If Indycar could get rid of those annoying ovals, I could at least get into that type of racing… I just despair at the situation we are all in. I feel really sorry for the great drivers out there (not Vettel or Button)… they would have done great in a proper racing series, but now they must avoid using their skills so some annoying button pusher can get to the front of the grid.

    1. James Clayton says:

      I’m seriously thinking of following Indycar. I think it’s probably the purest form of racing these days? I mean the tyres are decent and as far as I’m aware there’s no DRS or anything?

      Watched the Indy 500 race last year as it followed directly after one of the F1 games. The commentary was really hard to bear, though.

      I don’t mind a couple of ovals a year but I think Indy is pretty much 50/50 at the moment is it not?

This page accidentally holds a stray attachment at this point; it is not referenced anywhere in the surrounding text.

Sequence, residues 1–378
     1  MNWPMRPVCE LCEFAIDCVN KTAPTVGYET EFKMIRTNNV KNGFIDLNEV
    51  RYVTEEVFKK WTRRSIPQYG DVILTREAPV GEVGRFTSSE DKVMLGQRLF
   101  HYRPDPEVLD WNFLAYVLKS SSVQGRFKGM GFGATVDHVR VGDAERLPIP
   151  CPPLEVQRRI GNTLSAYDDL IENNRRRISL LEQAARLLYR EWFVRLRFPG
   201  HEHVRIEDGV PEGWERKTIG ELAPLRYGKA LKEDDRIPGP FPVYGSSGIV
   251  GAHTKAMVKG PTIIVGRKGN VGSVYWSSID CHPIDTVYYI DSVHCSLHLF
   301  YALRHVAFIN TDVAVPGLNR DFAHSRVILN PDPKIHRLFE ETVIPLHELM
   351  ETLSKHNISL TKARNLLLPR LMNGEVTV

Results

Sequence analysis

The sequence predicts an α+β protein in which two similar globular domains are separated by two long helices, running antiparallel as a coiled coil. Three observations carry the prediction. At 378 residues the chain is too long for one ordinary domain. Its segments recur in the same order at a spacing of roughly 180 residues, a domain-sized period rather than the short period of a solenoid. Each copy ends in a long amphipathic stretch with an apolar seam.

1. Gaz Boy says:

        Each to their own, but swapping F1 for Indycars? That’s a regressive transition, surely? Keep faith with the old world……….and F1.

      2. James Clayton says:

        ” Can’t imagine Europe, Africa and Far East switching to Indycar in the same way can’t imagine the European food industry customer base switching from fine dining to burgers.” [sorry it's from a different post of yours]

        I don’t know what part of Europe you come from, but in England, at least, it’s quite easy to find a burger bar – and pretty much every pub that does food will have at least one, more normally a selection, of burgers on the menu.

        AAAANYway I digress. I’m not going to keep following F1 just ‘because its F1′. I’d love to keep faith but double points, pirelli and DRS are I fear just the start of the circus. So I’ll probably start following Indy once I get a sports-enabled cable package. Whether I continue to follow F1 depends on how interesting I find the Indy races, and how much more F1 does to discredit itself.